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Thread: It's here! (Bedford RL)

  1. #91
    Join Date
    Dec 2015
    Posts
    144

    Default Re: It's here! (Bedford RL)

    Well, I've rebuilt the water pump as best as I could figure out how to, and have a bag of screws freshly delivered this afternoon; so after I get the backplate put back on, I'm only a flange, some gaskets, and rubber hose away from reassembly!

    If it still leaks after this, I'm going to be quite annoyed.

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  3. #92
    Join Date
    Feb 2007
    Location
    London
    Age
    39
    Posts
    1,545

    Default Re: It's here! (Bedford RL)

    "If at first you don't succeed, give up and run away (then try again later)".

    Loving this restoration blog. Been there (some years ago) with my first truck which was a Matador. Having not learned that lesson, I then bought a 2nd...

    Vince
    1971 AMG MUTT M151A2

    Previously owned MVs- 3x LR 101 GS, 110 V8, Chevrolet Blazer K5, HD Wolf TUM, 3x Matadors, Zil 131, Ferret Mk1, Sankey trailer, Freuhoff Tilt bed recovery trailer

    Ward LaFrance crew member A&E 2010, 2012

    Qualified coal-hoofing spade-waver, Bluebell Railway 2015

  4. #93
    Join Date
    Dec 2015
    Posts
    144

    Default Re: It's here! (Bedford RL)

    I'll get somewhere with it eventually. Even if I don't manage to get it on the road, I'm hoping to at least leave it in better shape than when I started.

    It's looking like that flange won't be done any time this week; the machine shop is swamped with work, as usual. The biggest problem this causes me, is not being able to fire the truck up for a while and move her. I would like to get cracking on with patching the holes in the bodywork -- particularly the roof -- but that requires access to a welder, and I don't have a long enough extension lead to reach from the workshop.

  5. #94
    Join Date
    Dec 2015
    Posts
    144

    Default Re: It's here! (Bedford RL)

    Despite not being able to move it around under its own power, I've cracked on with some little bits today; mostly changing grease-nipples for modern ones that my grease-gun will actually stick to, and getting fresh grease shoved places. The Harvey Frost recovery gear now runs nice and smoothly, and all the cables for the lifting hooks are wound back onto the drums a little bit more properly, rather than the tangled mess they were before.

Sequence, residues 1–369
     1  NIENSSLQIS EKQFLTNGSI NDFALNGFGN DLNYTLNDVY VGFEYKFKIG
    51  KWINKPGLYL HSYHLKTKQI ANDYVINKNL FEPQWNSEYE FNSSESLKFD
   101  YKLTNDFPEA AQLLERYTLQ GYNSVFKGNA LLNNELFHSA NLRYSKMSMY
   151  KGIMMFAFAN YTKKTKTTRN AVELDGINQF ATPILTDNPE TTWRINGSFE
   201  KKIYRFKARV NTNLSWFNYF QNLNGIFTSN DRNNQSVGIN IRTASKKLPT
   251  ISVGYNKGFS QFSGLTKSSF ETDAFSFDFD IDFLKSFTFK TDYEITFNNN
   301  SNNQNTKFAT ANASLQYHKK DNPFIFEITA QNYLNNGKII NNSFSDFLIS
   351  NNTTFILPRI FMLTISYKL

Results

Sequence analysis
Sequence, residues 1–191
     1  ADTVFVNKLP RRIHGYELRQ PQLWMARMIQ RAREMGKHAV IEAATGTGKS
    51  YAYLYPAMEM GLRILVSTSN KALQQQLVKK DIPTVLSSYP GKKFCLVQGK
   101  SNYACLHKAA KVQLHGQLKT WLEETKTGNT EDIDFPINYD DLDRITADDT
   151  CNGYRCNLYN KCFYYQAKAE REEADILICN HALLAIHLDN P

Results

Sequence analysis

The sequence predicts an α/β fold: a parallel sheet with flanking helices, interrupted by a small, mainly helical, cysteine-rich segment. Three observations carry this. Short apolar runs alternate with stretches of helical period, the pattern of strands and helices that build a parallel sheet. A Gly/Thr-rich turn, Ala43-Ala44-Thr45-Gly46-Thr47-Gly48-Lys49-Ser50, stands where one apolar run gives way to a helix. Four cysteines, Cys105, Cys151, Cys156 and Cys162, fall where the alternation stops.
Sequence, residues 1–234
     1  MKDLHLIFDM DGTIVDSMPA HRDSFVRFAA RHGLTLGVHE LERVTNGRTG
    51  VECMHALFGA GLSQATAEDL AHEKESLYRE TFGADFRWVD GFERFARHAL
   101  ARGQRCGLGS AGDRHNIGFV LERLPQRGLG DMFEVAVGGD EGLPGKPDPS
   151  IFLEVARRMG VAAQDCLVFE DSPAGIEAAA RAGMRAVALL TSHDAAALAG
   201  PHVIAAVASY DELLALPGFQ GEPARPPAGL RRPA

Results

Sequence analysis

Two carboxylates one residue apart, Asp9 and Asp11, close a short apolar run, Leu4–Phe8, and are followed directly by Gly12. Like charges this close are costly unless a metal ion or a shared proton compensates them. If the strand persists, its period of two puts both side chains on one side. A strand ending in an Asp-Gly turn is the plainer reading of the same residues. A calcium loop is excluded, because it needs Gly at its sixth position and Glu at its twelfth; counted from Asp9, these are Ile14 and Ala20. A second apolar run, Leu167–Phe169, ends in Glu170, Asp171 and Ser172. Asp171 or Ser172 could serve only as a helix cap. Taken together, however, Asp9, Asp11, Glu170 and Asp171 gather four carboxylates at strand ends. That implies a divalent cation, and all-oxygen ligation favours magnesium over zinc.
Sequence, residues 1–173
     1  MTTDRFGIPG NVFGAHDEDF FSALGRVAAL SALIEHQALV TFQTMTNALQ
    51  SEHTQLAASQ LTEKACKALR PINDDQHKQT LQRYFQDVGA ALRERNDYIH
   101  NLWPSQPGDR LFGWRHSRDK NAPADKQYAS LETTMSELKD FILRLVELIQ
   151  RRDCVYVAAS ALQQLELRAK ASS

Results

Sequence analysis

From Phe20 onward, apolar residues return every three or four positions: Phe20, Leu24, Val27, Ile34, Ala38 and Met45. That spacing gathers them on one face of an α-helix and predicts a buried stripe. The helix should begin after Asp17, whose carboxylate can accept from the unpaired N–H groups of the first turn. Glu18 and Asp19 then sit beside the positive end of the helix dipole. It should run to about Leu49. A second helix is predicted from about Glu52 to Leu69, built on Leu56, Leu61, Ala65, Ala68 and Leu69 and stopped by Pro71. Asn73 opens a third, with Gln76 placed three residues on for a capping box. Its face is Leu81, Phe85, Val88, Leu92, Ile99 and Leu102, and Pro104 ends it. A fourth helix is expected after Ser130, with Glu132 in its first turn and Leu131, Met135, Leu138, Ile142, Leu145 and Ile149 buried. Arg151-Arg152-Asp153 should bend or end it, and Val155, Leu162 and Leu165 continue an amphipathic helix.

(Cleaned up the plates a little with a greasy rag, which brought them up quite nicely, I think.)





    I've also gotten a little further with cleaning, wire-brushing, and painting the chassis with thick gloopy undercoat.





    And, looking at a section I've not got to yet, for comparison...


    It's nothing magic: Hammerite (Yeah, yeah, I know. ) Underbody seal with Waxoyl; I've had pretty good luck with it so far, probably since it stays somewhat flexible, so isn't as likely to crack and let water in to sit against the metal. Plus, it brushes on pretty easy, and -- being a nice thick gloopy stuff -- all the brush-strokes settle out quite nicely.

    You may also have noticed I've not hit the tank mountings with it; that's because I'm not quite sure whether or not I'll be keeping those mounting brackets, yet.

    I'm also still faffing about with thoughts for the paintwork, if I get around to that. Colours are roughly decided:

    • the yellow bodywork will be going BS 381C Golden Yellow, including the roof that's currently brown. (I did want to make the roof black; but I suspect that it'll be hot enough in the cab without turning it into a solar cooker. It's bad enough in full sun with it in brown!)
    • The recovery jib, in black; with some yellow at the top to make the height of it visible, so I have a chance of not accidentally hitting things with it.
    • Wheels; probably black. Maybe.


    Oh, the choices! Maybe I should just do it all in DBG instead, saves me having to think too much.

  6. #95
    Join Date
    Mar 2010
    Location
    Ayrshire, Scotland. previously Suffolk
    Age
    63
    Posts
    492

    Default Re: It's here! (Bedford RL)

    The civilian ones had black chassis/axles etc when new. I would normally prefer that an ex military vehicle be restored to its original military colours and body style and any more modern 'improvements' be put back to original, but your truck is probably more interesting in its civilian guise and I think that gives you license to do more or less anything. I agree with you about having a light colour roof - maybe even white ? In hot weather the cabs do get a bit warm. Some nice period style signwriting would look good too.

    David

  7. #96
    Join Date
    Nov 2012
    Posts
    166

    Default Re: It's here! (Bedford RL)

    glad your getting there with it . I keep popeing in to see the progress that you are making with it . keep the photos and updates coming .

  8. #97
    Join Date
    Dec 2015
    Posts
    144

    Default Re: It's here! (Bedford RL)